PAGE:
Conference abstract

Survival in desert environment: Tunisian military physician’s skills

Pan African Medical Journal - Conference Proceedings. 2017:4(14).15 Dec 2017.
doi: 10.11604/pamj-cp.2017.4.14.392

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Keywords: Desert environment, survival, military, Tunisia
Abstract

Survival in desert environment: Tunisian military physician’s skills

Amel Souissi1,&, Imed Ben Dhia1, Hanène Djemaiel1, Riadh Allani1, Nabil Guermazi1

1Medical Services Directorate, Ministry of Defense, Tunisia

&Corresponding author
Amel Souissi, Medical Services Directorate, Ministry of Defense, Tunisia

Abstract

Introduction: often defined as a hostile environment which conspires against the human life, the Tunisian desert occupies 40% of the country, extending over an area of 25000 Km2 in the Southern region. It’s characterized by the wide temperature range between diurnal temperatures and between seasons, the scarcity of water, the presence of reptiles and venomous insects and sporadic, scattered woody and thorny flora making survival even more difficult for our soldiers working on such arid land and are exposed to several risks; This environment requires from military doctors a medical knowledge and appropriate expertise preventive and curative to treat physiology survival, psychology survival, acclimatization, but specially water and food supply rationing and their procurement. After water, man's most urgent requirement is food as the three essentials of survival are water, food, and shelter.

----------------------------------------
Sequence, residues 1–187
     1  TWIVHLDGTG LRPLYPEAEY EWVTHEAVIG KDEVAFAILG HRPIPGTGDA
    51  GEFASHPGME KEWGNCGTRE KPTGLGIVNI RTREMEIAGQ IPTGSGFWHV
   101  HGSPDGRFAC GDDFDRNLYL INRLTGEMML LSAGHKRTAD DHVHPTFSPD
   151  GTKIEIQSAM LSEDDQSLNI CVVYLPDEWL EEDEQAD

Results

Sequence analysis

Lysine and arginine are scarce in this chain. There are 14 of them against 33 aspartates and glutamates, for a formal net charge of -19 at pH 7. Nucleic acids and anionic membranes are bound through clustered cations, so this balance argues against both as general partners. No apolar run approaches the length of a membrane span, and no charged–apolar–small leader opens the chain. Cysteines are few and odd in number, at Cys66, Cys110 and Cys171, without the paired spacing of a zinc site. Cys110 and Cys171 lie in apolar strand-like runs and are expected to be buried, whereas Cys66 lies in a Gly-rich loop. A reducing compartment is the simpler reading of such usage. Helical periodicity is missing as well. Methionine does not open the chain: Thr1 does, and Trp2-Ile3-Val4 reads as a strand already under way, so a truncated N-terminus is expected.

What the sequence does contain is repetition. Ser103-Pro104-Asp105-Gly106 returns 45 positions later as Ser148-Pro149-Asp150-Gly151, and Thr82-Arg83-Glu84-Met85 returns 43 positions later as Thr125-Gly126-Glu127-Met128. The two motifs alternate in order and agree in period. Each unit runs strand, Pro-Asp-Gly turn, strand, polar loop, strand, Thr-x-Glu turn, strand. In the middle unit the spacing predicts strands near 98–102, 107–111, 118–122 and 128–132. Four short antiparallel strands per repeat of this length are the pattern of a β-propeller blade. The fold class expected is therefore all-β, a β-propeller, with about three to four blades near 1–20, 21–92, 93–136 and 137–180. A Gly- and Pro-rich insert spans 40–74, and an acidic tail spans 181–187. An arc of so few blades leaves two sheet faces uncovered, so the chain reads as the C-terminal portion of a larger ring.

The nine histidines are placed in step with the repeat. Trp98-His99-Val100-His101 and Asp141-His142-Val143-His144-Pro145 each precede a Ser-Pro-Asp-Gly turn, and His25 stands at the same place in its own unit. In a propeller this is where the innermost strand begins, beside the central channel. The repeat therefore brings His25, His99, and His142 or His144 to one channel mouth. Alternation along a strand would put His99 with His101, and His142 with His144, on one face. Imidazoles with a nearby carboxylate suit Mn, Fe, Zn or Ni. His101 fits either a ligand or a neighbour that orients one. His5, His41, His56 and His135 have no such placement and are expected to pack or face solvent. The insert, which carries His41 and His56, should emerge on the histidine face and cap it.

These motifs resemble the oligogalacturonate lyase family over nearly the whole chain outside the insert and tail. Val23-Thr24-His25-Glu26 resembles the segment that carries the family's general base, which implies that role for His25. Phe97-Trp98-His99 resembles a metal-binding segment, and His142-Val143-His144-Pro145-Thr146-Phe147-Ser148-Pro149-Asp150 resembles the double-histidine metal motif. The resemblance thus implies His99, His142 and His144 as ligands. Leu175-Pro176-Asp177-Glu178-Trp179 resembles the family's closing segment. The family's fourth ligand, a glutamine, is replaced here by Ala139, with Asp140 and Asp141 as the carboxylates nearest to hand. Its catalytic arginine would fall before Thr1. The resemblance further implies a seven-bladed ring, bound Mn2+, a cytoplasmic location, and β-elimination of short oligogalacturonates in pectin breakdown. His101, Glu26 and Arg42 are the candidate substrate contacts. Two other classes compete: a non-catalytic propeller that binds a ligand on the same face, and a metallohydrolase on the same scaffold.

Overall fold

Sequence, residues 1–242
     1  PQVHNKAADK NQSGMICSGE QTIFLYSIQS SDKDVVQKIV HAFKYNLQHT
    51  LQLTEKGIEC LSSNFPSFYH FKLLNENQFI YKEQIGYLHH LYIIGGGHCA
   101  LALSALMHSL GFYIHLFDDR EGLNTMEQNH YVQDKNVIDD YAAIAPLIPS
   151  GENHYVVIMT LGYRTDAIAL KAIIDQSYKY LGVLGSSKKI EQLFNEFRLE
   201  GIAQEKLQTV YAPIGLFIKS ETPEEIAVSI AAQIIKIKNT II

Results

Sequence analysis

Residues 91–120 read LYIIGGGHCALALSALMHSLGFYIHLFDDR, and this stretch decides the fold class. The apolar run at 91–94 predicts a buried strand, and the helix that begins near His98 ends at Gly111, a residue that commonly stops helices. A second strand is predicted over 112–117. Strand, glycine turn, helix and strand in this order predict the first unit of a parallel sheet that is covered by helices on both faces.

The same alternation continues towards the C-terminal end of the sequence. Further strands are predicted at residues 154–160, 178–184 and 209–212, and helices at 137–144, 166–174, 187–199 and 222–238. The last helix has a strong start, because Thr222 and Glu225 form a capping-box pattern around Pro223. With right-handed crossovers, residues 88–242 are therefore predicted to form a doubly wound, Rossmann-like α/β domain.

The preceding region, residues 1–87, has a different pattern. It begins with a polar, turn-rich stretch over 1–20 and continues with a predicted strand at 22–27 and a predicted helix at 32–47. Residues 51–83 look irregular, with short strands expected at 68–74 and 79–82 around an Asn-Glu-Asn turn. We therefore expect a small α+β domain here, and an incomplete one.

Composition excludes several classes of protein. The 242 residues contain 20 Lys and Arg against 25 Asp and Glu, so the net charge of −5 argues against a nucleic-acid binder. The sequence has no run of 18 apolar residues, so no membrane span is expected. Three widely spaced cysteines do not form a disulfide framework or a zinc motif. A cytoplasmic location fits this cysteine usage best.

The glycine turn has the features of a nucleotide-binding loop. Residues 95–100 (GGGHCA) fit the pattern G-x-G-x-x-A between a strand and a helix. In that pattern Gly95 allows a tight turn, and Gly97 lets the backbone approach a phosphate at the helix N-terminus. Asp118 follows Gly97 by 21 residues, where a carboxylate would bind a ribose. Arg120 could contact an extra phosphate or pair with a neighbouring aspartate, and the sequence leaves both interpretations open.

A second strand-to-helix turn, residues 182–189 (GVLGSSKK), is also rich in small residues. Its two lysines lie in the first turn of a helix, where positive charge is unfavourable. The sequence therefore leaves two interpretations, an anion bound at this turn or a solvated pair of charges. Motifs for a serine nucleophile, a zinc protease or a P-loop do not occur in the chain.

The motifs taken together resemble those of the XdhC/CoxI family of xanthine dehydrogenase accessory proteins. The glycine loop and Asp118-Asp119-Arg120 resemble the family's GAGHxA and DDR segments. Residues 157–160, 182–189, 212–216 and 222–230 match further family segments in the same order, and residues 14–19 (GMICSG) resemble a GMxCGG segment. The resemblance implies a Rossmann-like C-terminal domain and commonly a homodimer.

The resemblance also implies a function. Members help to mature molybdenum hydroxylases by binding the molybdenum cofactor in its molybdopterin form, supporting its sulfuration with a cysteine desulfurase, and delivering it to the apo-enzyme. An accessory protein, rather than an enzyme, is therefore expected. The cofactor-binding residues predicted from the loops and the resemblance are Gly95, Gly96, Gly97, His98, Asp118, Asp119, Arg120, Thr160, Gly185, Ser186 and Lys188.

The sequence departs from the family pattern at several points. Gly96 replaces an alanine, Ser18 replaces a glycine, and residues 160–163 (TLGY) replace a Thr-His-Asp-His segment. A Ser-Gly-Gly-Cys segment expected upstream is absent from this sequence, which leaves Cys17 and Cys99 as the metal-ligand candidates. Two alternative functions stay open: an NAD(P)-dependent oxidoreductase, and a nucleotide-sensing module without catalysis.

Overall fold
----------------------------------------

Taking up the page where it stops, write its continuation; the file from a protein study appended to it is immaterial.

Methods: systemic review of the national history concerning this program.

Results: the Tunisian experience in this interesting subject of food supply management in the desert environment finds here a better study, and we will address mainly food rationing, edible plants and animals, insects and reptiles for food. Military physician must know the main animal species and edible grasses that are suitable as food without ignoring that some plants in our desert are venomous and a few animals are poisonous. Entomophagy is also seriously taken in consideration in food procurement, as eggs, larvae, pupae and adults of certain insect species have been eaten by man since prehistoric times and continue to be an item of the human nutrition in modern times.

Conclusion: what is important is to learn the habits and behavioral patterns of classes of animals to which the soldier is exposed in the desert, and use them as food, if needed, in order to survive and fight especially with the advent of the cross-border terrorism.